Posts Tagged "competition"

Last week RivalSoft launched RivalMap, a collaborative web based solution for managing competitive information.

I’ve used Competitious on and off over the past year, and it’s a great tool. Though, as stated in this Competitious blog post,”Competitious is a great way to quickly list your competition, and start finding news and traffic stats about them, but RivalMap is focused on what happens next.

RivalMap is definitely a much more robust and feature rich solution. It has a beautiful user interface, and it maintains the same level of excellent usability and simplicity amidst a great deal more features. Anyone familiar with Basecamp will be right at home with RivalMap, as it has a very similar look and feel.

The beauty of RivalMap is that is provides your team a central place for MANAGING competitive information, not just storing it. I’ve seen companies “manage” their competitive information by sending around emails of press releases to different people throughout the organization, or creating a wiki, or at the most sophisticated level, by setting up a project within their internal project management system where they post information about competitors. However, all of these approaches fall FAR short of what RivalMap allows you to do.

RivalMap serves as that central place for all competitive info, but it also provides you with the tools to actually organize, and manage competitive information and begin to formulate strategies to address competitive threats. It allows you to build comparison grids (company and product comparison), easily associate links to news articles, build out a full SWOT analysis, and lots more. It even lets you segment out the distinct verticals in which you compete, and track all the way down to your competitors’ individual customers!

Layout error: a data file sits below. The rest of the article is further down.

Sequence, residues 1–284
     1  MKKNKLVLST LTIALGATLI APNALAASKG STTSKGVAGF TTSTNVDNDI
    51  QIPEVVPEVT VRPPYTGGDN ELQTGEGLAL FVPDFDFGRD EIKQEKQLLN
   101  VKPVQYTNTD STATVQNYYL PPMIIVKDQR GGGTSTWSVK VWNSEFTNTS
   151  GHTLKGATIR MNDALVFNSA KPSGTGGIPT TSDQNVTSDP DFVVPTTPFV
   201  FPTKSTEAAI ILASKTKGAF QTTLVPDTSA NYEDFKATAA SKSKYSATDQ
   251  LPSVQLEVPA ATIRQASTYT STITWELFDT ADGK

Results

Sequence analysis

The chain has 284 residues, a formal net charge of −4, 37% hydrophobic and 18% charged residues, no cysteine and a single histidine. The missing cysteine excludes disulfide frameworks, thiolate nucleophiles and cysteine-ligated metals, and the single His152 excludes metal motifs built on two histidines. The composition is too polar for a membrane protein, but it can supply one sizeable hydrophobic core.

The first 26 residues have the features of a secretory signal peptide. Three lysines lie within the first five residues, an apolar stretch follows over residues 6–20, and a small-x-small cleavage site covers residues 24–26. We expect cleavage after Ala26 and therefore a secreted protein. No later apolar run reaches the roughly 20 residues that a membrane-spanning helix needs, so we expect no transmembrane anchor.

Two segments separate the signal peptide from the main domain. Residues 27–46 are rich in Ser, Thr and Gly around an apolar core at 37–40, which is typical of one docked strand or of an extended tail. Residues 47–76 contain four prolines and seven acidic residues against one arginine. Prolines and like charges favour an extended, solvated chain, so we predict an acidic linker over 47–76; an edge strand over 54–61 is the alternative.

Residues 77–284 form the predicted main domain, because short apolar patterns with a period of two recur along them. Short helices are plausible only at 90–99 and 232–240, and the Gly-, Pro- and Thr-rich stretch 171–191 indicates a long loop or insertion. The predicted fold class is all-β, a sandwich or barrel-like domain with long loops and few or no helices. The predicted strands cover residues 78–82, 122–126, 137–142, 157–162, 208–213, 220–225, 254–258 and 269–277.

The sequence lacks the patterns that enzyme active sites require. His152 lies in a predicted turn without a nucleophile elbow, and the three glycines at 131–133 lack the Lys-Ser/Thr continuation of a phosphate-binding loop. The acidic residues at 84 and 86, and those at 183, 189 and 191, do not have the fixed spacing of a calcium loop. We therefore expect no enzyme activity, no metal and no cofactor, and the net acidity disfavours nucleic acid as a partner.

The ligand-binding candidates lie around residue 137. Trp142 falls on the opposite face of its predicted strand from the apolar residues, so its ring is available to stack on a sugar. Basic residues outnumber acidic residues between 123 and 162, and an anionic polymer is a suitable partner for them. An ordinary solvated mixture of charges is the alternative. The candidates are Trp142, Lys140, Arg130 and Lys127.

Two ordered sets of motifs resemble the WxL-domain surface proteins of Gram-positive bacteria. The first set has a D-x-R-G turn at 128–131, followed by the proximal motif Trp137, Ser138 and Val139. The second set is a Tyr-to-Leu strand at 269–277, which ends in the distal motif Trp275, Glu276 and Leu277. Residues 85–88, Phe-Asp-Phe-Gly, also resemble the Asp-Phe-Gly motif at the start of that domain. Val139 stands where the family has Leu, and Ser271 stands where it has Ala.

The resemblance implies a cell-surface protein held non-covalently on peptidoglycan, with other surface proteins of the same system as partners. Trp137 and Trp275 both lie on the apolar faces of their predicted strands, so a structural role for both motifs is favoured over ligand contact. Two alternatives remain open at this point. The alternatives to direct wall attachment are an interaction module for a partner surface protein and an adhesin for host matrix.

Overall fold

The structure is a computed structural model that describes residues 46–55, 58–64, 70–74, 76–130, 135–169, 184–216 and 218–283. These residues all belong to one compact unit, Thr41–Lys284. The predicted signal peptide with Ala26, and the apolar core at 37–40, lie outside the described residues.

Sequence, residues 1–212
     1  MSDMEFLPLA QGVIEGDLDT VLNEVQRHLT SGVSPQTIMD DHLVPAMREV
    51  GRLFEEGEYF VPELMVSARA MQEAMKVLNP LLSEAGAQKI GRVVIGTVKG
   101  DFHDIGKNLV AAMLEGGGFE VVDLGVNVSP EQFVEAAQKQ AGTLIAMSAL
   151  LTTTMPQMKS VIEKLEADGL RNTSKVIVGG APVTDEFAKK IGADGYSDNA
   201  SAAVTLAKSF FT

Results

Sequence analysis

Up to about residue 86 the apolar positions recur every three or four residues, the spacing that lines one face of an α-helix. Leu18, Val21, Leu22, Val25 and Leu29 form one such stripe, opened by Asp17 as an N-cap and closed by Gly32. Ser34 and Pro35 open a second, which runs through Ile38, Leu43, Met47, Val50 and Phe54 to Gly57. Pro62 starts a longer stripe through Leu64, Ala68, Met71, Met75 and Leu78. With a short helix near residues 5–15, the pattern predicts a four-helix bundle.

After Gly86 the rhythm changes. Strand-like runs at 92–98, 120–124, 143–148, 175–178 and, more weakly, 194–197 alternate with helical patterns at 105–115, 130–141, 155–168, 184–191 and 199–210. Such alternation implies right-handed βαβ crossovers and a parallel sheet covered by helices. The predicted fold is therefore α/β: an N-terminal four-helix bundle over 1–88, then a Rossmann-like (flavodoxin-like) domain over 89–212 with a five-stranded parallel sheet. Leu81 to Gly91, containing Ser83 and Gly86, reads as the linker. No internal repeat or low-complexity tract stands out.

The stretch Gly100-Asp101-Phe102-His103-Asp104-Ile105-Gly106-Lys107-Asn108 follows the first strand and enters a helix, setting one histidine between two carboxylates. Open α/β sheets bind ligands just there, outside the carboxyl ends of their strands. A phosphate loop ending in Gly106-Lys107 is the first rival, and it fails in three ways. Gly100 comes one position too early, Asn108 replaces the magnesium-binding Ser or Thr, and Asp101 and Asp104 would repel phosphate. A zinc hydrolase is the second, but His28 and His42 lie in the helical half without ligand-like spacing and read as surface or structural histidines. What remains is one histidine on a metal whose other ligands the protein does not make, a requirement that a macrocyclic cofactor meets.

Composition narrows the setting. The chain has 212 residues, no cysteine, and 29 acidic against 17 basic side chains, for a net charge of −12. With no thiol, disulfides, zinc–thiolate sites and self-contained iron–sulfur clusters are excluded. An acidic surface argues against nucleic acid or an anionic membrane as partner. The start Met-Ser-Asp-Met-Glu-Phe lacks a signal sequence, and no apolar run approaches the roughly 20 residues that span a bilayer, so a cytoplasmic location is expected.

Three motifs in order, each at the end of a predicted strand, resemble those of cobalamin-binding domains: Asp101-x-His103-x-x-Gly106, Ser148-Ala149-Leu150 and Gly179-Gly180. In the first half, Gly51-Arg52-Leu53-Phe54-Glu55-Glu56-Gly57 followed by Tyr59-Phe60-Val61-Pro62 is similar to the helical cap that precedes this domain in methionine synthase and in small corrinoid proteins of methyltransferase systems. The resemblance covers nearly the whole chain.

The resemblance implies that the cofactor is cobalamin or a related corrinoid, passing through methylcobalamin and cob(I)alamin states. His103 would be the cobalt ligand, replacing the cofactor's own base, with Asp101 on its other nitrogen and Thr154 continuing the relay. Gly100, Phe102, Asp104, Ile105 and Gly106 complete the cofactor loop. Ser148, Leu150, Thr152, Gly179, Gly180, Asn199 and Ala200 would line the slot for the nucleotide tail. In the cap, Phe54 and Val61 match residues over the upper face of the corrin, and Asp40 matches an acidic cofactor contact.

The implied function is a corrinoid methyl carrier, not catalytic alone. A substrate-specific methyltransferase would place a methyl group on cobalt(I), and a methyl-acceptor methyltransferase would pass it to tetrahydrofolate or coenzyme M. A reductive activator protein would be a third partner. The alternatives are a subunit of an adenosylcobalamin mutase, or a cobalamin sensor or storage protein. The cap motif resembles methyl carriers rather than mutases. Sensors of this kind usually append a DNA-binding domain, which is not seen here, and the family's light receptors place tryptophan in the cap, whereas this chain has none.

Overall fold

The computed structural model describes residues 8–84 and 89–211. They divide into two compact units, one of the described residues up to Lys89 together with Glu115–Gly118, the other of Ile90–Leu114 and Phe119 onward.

The one thing I was disapointed to see missing was the ability for the software to search for, and suggest links and articles, that are related to ones competitors. This was a very nice feature of competitious. However, it was mentioned in the competitious blog that they are planning on adding a similar feature to RivalMap, and potentially integration with third-party information services.

I would also like to have the ability to have my google alerts and similar services automatically parsed, and applied to the appropriate competitor’s profile.

All in all, I’m VERY impressed.

Their website is also very good in terms of clearly stating the benefits and features of the product, and with a completely free account for up to 3 users, it’s a no brainer to at least try it out.

You can also check out the RivalMap blog, and there is a great discussion over at TechCrunch as well.

Keep up the great work RivalSoft!

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I read a great quote today by Bob Warfield regarding business competition:

…business competition has a lot in common with an aerial dogfight: the other guys have talent (and often more resources) and the stakes are frighteningly high. If you can “get inside” your opponent’s decision cycle, you are in the driver’s seat. They are responding to your initiatives and this is an advantage that’s hard to overcome. When you are inside the decision loop of a competitor, it’s a huge tactical advantage. Google got inside Facebook’s decision loop with Open Social. Apple got inside the cell phone industry’s decision loop with the iPhone. When you get inside the market’s decision loop, it is an enormous strategic advantage. If you are lucky enough to be right, and lucky enough that a major market heads right to where your fighter plane’s guns are already aimed, you get the big success.

I never really saw this in Google and Apple’s recent plays, but they have done exactly that. They have infiltrated the competition’s decision loops.

Apple was seeing the market for the iPod being encroached upon by cell phone companies via digital music player enabled phones – along comes the iPhone.

Google saw their position as the gateway to the web so to speak, and their value as the means of connecting people with information being threatened by Facebook – hello OpenSocial.

So what does Google’s Android move do? It infiltrates Apple AND Microsoft’s decision loops.

Whose decision loop can you inject yourself into now, that will put YOU in the driver seat?

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